Economics and the mid-life crisis have much in common: Both dwell on foregone opportunities

C'est la vie; c'est la guerre; c'est la pomme de terre . . . . . . . . . . . . . email: jpalmer at uwo dot ca

. . . . . . . . . . .Richard Posner should be awarded the next Nobel Prize in Economics . . . . . . . . . . . .

Tuesday, June 28, 2005

The Ten Commandments and the Supremes;
the pre-emption of "etched in stone"

There is only one reason I can come up with for the split decision by the U.S. Supremes on public displays of the Ten Commandments, and it doesn't involve drive-in theatres showing old Charleton Heston movies.

I figure they (actually, Justice O'Connor, the swing voter) thought it would be really easy to get courthouses in Kentucky to remove the framed lists of the Ten Commandments, but it would be very costly to get Texas to blast or hoist out their granite copy. I certainly hope they/she didn't make the decision because the granite copy cost more to produce than the framed copies --- that would mean they/she don't/doesn't understand the importance of looking beyond sunk costs!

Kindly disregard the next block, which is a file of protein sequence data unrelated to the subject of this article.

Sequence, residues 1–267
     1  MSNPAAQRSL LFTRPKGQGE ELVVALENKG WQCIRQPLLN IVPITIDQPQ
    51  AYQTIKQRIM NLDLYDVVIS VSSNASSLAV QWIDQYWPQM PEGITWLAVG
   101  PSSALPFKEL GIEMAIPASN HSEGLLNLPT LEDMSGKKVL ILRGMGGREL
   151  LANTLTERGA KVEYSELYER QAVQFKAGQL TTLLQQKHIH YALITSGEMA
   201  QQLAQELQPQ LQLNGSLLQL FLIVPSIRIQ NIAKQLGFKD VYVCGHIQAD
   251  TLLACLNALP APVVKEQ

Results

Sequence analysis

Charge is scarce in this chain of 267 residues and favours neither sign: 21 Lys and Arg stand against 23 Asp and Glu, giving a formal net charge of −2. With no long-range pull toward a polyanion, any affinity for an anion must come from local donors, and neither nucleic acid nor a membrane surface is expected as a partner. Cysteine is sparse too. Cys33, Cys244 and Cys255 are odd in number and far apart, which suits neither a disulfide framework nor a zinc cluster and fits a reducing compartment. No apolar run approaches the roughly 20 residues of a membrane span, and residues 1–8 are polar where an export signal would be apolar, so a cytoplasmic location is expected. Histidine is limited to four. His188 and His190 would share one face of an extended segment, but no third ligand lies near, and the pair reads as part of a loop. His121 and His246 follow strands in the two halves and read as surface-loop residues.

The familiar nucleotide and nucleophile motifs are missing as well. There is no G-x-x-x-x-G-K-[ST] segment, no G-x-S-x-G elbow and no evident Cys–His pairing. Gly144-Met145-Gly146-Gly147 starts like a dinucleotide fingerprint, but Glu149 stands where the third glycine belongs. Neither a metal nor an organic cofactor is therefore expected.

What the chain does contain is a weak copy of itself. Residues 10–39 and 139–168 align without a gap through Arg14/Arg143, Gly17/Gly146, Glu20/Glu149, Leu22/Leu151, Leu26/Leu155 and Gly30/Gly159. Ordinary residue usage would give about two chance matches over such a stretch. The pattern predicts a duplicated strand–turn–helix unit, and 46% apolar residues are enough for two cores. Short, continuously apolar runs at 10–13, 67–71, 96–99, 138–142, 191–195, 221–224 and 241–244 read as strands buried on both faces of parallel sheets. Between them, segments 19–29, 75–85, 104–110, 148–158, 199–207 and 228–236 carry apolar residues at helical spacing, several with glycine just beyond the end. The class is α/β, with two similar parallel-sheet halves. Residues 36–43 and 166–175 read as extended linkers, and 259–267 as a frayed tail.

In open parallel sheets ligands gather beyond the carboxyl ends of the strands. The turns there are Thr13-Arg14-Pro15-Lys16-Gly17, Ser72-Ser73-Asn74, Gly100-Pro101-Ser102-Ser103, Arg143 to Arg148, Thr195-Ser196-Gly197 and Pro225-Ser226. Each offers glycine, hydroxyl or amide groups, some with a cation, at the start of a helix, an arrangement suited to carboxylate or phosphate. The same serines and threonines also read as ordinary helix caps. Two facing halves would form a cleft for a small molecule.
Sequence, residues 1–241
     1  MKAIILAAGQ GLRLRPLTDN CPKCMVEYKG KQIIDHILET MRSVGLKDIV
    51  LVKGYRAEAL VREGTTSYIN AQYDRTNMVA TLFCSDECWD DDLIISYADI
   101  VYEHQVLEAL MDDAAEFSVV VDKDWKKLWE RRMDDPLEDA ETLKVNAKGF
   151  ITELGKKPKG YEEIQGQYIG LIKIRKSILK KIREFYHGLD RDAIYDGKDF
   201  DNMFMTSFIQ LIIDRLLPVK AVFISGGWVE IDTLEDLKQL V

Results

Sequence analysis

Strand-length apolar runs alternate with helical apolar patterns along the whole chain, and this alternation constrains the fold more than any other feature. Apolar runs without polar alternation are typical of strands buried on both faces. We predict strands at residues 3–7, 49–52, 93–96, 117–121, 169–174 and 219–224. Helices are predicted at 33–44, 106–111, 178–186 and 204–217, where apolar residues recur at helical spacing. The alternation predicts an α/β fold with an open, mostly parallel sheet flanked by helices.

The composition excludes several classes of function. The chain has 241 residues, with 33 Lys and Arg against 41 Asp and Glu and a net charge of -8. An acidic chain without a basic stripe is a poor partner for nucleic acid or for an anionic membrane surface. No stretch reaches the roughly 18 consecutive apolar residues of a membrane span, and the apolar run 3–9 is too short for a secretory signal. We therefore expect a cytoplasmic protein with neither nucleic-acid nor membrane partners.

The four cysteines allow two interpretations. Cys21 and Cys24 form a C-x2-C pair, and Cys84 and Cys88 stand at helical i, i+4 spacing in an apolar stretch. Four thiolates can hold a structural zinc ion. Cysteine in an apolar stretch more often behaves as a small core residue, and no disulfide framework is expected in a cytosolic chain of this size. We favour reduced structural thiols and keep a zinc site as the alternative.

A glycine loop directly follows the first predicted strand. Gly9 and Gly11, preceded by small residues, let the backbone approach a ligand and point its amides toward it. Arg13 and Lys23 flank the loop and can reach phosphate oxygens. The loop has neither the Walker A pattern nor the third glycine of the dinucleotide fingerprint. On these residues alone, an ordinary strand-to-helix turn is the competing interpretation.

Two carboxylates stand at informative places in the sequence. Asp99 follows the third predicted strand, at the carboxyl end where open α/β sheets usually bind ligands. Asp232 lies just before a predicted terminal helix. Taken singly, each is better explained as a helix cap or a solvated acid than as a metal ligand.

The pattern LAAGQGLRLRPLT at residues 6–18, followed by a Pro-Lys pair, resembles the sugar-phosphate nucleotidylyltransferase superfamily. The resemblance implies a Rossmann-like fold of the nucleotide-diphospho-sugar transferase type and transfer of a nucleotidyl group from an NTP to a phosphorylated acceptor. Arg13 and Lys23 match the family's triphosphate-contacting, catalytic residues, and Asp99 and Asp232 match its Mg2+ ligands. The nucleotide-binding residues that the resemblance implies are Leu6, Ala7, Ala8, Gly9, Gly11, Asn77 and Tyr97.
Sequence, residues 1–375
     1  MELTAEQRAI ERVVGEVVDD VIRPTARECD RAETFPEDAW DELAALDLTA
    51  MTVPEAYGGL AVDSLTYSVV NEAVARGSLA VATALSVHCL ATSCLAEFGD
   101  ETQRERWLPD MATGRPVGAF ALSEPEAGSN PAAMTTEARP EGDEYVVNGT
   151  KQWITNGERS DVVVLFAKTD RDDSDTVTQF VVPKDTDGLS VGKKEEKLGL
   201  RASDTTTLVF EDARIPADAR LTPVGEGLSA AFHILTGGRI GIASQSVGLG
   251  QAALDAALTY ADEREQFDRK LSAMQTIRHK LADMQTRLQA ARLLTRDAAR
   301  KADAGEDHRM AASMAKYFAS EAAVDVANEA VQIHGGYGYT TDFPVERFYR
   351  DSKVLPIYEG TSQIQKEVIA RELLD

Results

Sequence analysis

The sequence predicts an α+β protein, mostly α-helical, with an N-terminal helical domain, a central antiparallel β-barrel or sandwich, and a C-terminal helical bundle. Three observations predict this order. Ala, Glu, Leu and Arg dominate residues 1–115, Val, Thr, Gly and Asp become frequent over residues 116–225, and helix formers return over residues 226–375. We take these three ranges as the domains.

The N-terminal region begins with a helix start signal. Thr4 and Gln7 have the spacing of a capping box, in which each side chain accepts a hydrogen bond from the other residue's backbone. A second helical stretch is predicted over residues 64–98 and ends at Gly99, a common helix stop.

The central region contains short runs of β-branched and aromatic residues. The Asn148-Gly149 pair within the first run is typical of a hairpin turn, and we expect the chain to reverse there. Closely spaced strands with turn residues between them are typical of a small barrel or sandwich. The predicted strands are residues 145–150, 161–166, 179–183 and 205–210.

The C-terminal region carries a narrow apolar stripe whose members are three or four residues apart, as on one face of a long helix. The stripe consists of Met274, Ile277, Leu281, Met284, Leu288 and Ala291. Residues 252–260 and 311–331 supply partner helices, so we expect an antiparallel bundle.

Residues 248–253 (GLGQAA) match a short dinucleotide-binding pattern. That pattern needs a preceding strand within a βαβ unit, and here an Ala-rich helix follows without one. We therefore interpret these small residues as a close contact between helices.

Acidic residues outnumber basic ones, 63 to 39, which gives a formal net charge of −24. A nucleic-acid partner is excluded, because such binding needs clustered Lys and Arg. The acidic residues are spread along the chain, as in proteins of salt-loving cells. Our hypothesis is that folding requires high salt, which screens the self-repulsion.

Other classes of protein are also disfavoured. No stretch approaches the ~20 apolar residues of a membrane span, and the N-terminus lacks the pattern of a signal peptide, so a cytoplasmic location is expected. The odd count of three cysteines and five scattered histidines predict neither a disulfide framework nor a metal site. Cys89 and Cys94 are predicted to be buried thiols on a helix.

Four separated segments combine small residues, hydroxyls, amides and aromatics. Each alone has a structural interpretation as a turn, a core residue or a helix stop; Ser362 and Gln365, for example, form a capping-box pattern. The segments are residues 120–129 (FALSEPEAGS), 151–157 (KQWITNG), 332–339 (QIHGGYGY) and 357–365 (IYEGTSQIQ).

The incentive effects from the decision?
Look for more granite displays of the Ten Commandments.

Furthermore, if this simplistic hypothesis is correct, when any issue might be in doubt, look for more etched-in-stone pre-emptive, claim-staking strategic moves.

Don't the Supremes ever think about the incentive effects of their decisions?

I'm mostly an atheist, but I still think the 10 commandments have great historical value when discussing or celebrating the law, even if not all the reindeer are included.
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